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Proposed Problem

Discussion in 'Mathematics' started by AVDBA, Sep 20, 2019.

  1. AVDBA

    AVDBA New commenter

    Show the number:

    1 1 ... 1 1 2 2 ... 2 2 5

    where 1 occurs n - 1 times and 2 occurs n times, is a perfect square.
     
  2. AVDBA

    AVDBA New commenter

    I would like to propose the following hints:

    * To write n = 1 1 ... 1 1 2 2 ... 2 2 5

    * To multiply n by 10

    * To work the expression keeping in mind the representation of numbers using base 10
     
  3. AVDBA

    AVDBA New commenter

    This problem seems to be interesting for working with decimal representation of numbers. Base 10 representation has common usage within Engineering courses, as well as within different scientific fields, so the reason for giving background on the subject for the students.

    The following approach of defining a name for the considering the given number and working with the named number throughout is suggested to reach the solution.

    Defining:

    n = 11111 ... 11222222 ... 225

    and multiplying n by 10, we have:

    10n = 11111 ... 11222222 ... 2250

    with the number 1 (digit) appearing (n - 1) times and the number 2 (digit) appearing n times.

    Now, subtracting n from 10n, i.e.:

    10n - n = 9n = 11111 ... 11222222 ... 2250 - 11111 ... 11222222 ... 225

    leads to (using the well known subtraction algorithm):

    111111 ... 12222222 ... 2250
    - 11111 ... 11222222 ... 2225
    ----------------------------
    100000 ... 01000000 ... 0025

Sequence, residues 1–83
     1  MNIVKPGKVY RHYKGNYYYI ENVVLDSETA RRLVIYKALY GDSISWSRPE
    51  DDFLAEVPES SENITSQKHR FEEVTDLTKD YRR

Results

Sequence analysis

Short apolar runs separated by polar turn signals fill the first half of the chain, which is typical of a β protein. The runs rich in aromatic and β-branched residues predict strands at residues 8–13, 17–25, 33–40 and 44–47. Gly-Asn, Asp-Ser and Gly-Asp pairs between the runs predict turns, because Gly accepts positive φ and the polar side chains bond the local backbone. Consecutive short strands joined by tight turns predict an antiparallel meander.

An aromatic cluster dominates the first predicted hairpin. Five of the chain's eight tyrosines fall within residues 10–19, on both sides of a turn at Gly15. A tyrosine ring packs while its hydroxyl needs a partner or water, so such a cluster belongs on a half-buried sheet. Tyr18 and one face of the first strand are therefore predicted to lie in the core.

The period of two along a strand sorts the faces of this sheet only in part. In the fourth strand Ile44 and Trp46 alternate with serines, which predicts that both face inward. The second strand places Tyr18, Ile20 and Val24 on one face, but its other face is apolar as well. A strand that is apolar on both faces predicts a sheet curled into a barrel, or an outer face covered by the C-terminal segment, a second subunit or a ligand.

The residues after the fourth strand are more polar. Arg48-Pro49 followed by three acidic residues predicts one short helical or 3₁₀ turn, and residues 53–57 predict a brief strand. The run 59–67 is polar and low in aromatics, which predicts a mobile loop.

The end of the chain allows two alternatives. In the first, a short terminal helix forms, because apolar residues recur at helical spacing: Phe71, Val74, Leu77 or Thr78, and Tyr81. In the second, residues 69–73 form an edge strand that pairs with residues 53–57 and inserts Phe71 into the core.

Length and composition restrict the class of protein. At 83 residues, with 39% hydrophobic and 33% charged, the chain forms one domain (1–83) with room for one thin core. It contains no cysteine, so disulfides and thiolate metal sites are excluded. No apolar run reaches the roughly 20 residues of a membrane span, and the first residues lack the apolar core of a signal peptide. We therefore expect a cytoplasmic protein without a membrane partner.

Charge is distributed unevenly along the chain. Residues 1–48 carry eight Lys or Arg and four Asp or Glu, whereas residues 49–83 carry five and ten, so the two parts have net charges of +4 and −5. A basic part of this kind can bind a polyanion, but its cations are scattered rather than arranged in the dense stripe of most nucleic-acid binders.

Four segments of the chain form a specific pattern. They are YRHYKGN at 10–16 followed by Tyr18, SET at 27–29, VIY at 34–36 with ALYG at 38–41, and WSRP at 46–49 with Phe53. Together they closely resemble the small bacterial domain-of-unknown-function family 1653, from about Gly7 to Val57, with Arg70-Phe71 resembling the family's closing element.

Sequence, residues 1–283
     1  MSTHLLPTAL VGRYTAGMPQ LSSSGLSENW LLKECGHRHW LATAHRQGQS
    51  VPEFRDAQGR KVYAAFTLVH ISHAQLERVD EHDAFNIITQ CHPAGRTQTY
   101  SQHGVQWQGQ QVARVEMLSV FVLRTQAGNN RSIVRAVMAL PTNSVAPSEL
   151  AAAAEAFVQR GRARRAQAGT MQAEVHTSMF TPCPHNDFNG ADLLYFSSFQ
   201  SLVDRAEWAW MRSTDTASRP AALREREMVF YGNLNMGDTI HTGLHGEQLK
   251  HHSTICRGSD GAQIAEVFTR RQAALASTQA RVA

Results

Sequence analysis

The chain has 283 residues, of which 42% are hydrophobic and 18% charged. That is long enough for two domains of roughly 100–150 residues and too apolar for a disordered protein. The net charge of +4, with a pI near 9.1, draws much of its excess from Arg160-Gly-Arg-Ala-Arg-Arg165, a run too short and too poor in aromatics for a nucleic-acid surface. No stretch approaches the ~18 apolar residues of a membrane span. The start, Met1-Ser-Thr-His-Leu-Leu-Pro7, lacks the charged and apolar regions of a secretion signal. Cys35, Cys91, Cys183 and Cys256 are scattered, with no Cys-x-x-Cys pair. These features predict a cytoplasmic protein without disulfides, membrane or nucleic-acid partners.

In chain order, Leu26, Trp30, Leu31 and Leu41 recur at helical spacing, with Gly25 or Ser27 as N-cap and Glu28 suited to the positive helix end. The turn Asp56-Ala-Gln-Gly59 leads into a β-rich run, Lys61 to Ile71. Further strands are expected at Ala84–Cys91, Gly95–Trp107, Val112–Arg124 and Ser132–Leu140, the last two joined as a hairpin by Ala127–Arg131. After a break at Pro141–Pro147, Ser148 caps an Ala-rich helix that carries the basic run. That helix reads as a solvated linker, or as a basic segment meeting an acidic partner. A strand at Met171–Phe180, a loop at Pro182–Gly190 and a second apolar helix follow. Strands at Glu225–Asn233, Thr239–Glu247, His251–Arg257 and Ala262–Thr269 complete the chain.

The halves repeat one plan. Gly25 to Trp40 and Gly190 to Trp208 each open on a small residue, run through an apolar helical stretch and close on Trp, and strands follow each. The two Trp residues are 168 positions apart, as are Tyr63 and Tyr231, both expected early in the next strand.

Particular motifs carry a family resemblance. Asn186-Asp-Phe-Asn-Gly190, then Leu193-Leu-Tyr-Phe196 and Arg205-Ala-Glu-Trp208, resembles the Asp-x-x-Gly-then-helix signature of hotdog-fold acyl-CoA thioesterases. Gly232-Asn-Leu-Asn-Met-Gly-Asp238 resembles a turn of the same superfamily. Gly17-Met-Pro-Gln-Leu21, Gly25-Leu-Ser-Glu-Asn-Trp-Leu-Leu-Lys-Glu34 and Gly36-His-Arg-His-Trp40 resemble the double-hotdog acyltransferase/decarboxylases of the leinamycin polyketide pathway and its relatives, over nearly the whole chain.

It is important to infer that multiplying n by 10 "pushes" the original number one position to the left - being the numbers, now, paired for writing the usual algorithm for subtracting two numbers, as above.

    One infers that:

    * The first sequence of zeros of the result of (10n - n) (the explicitly written zeros here from the third line of the subtraction algorithm above: 100000 ... 01 ... 25) is paired with the sequence of digits '1' of n (in the above subtraction algorithm, comparing the second and third lines of this algorithm), except for the last digit '1' of n, so there occur (n - 1) - 1 = n - 2 zeros in this first sequence

    * The second sequence of zeros of the result of (10n - n) (the explicitly written zeros here from the third line of the subtraction algorithm above: 1 ... 1000000 ... 0025) is paired with the sequence of digits '2' of n (in the above subtraction algorithm, comparing the second and third lines of this algorithm), except for the last digit '2' of n, so there occur (n) - 1 = n - 1 zeros in this second sequence

    By these observations, one reaches:

    9n = 100000 ... 01000000 ... 0025 =>
    9n = 1 x 10^[2 + (n - 1) + 1 + (n - 2))] + 1 x 10^[2 + (n - 1)] + 25 =>
    9n = 10^(2n) + 10^(n + 1) + 25 =>
    9n = 5^2 + 10 x 10^(n) + 10^(2n) =>
    9n = 5^2 + 2 x 5 x 10^(n) + (10^n)^2 =>
    9n = (5 + 10^n)^2

    Any number of the form 2 + 10^n, with n natural, is a multiple of 3, since adding up the its digits gives 3. Henceforth, 3 + 2 + 10^n = 5 + 10^n is also a multiple of 3. Hence, the number:

    m = (5 + 10^n)/3

    is some natural number not equal to 0, and:

    m^2 = [(5 + 10^n)/3]^2

    is a perfect square. Since this is n, we have showed that n = 11111 ... 11222222 ... 225 is a perfect square.
     

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